Digital Object Memory

Digital Object Memory

Alexander Kröner (Georg Simon Ohm University of Applied Sciences, Germany), Jens Haupert (German Research Center for Artificial Intelligence, Germany) and Ralph Barthel (UCL Centre for Advanced Spatial Analysis, UK)
DOI: 10.4018/978-1-4666-5888-2.ch749
OnDemand PDF Download:
List Price: $37.50

Chapter Preview



The Internet of Things envisions new roles for physical objects in everyday life. So-called “Digital Object Memories” address one of these roles – the collecting of data, about the objects as well as object-related information such as tasks, processes and even people that came in touch with the object.

Definition. A Digital Object Memory (DOMe) denotes a repository of digital data, which is linked with a physical artifact, and which is continuously enriched with data from entities that interact virtually or physically with the artifact.

Technically seen, this repository may exist at the artifact itself, outside, or both. From a content point of view, it offers access to data about a history of events up to the current point of time. The Digital Object Memory forms a building block of the Internet of Things with approaches dedicated to data models, architectures and interaction methodologies for object-centric data collection.



The Internet of Things promises radically new ways of interacting with physical objects, empowered by various kinds of digital extensions ranging from digital media linked with an object to sensors and actors attached to the object. Actually, related technology makes its way into various kinds of industry-strength applications. These are typically “closed” in some way, i.e., they are limited to a well-defined process with environment, actors and data known in advance - as it is common, for instance, in automated manufacturing, and logistics processes. However, outside of its predefined setting, uses of the aforementioned digital extensions to a “thing” are limited.

Imagine a product where tracking temperature is of relevance, e.g., a packing of frozen pizza. Would it not be helpful if the kitchen at home could inform you, the buyer, if the retailer’s logistics (stock keeping, freezer) as well as your personal logistics (your car, cooling box, fridge) were able to protect the product, so consumption is not needed right now? Conceptually, this could be easily achieved by integrating a battery-powered monitoring device into the packing. However, such a packing is a cheap single-use product, which does not justify the use of complex technology. Thus, in terms of this example, it would be more desirable for the pizza box to be associated with temperature logs from external monitoring technology. Again, this could be enabled by means of automated identification (e.g., radio frequency identification). However this approach can potentially fail because of the closed nature of the data logs, as the linked monitoring technologies will usually rely on temperature logs different in structure, syntax, and semantics.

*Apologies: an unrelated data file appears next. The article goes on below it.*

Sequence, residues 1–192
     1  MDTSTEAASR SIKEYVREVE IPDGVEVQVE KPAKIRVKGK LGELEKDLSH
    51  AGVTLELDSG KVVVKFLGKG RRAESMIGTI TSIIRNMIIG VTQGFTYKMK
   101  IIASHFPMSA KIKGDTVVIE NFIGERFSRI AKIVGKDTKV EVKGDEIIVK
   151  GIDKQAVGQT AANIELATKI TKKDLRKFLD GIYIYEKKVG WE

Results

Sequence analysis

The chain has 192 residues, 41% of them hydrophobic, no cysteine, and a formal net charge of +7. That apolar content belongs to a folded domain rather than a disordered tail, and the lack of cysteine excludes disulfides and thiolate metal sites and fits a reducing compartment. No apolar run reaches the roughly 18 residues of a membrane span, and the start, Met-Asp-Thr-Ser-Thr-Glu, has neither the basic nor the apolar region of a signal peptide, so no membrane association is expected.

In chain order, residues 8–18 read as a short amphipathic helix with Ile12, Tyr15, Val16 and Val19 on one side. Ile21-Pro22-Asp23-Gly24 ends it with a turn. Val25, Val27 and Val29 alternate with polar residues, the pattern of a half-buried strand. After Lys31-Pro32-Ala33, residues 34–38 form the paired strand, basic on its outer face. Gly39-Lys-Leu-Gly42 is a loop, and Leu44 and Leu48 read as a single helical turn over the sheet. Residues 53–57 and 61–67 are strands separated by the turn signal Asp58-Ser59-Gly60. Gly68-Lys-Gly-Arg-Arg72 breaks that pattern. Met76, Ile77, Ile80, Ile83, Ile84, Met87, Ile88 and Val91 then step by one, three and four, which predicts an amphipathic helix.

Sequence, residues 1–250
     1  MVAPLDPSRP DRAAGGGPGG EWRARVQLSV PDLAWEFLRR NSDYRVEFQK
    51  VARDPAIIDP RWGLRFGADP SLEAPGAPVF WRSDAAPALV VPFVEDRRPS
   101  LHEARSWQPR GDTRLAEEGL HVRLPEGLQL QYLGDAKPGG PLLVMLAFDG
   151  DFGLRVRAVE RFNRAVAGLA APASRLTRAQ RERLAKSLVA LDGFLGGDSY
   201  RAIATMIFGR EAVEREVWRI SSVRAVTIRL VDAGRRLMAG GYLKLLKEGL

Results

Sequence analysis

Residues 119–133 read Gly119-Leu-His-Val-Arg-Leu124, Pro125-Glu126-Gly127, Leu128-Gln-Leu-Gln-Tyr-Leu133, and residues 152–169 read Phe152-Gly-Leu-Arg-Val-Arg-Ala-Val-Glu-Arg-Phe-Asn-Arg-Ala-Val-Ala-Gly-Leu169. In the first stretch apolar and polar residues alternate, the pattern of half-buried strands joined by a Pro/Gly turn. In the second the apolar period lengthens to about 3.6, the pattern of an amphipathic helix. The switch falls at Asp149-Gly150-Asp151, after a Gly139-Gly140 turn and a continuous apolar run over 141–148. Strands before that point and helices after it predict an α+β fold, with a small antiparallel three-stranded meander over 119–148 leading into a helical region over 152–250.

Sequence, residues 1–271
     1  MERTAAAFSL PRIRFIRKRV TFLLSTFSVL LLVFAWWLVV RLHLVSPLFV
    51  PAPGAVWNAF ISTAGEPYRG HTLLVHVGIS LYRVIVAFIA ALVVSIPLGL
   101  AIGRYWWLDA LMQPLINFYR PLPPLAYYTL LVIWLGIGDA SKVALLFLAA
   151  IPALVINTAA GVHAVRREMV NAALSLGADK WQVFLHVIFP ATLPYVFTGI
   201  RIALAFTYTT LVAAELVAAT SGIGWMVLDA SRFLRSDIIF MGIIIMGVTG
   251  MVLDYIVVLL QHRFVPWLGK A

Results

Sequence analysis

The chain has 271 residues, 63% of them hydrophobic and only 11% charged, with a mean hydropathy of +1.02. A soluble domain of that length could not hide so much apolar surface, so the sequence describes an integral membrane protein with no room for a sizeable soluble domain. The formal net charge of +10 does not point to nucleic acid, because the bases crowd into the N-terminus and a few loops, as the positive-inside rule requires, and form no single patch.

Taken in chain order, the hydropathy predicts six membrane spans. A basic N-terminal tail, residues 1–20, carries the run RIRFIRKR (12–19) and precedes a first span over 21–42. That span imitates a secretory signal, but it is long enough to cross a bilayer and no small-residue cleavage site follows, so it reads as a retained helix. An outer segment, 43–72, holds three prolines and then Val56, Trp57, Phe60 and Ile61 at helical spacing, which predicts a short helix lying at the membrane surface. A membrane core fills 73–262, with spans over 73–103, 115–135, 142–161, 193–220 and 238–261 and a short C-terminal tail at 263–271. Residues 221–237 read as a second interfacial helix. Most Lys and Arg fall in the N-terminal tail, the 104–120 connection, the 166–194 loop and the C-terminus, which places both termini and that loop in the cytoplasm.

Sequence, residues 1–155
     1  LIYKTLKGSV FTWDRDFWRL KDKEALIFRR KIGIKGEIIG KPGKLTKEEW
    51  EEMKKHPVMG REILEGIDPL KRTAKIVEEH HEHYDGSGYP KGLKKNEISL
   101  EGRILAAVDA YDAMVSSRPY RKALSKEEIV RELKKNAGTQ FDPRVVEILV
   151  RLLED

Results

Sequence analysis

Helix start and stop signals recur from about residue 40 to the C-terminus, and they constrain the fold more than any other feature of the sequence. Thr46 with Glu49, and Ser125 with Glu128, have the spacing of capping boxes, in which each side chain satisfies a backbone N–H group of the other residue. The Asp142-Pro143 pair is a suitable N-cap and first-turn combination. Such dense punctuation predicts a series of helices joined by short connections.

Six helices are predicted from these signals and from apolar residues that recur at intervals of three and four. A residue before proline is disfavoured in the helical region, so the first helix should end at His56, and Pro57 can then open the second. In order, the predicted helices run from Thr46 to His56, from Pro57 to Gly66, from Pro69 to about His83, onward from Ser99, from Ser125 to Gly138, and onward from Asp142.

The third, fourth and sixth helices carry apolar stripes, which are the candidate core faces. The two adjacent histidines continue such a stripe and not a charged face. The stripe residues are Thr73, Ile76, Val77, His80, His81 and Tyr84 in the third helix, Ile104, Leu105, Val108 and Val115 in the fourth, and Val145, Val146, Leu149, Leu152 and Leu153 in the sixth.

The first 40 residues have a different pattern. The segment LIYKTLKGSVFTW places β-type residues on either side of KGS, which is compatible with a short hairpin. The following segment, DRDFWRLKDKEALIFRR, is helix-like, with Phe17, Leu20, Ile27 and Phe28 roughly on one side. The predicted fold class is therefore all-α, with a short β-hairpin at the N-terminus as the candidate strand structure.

Key Terms in this Chapter

Internet of Things: The Internet of Things denotes a set of uniquely identifiable objects and their representation in virtual structures based on Internet technologies and frequently realized by tagging objects with barcodes, radio-frequency identification (RFID) or embedded systems and by storing object-related information in the World Wide Web (WWW).

Digital Object Memory (DOMe): A repository of digital data, which is linked with a physical artifact, and which is continuously enriched with data from entities that interact virtually or physically with the artifact.

Smart Object: A smart object is a physical object extended with new capabilities beyond its usual operation by integrating information technologies. These new capability allow for capturing, storage and processing of information and for communicating with other smart objects or the intelligent environment.

Augmented Memory Technology: Technologies for recording of life events and systems for collecting cues for recollection.

Provenance: The term provenance denotes the documented history of an object to provide the customer a certificated chain-of-custody. This approach requires the documentation to be complete, unmodified and from correct origin.

Value Chain: A value chain is a chain of actions and activities a firm performs in order to manufacture and to deliver a valuable thing or service. Generally such chains consist of five activities: inbound logistics, production, outbound logistics, marketing & sales, and service & support.

Smart Label: A smart label is a small transponder (generally a radio-frequency identification tag) consisting of a processing chip and an antenna included in a regular print-coded label. These labels allow physical objects to act as a smart object.

Complete Chapter List

Search this Book: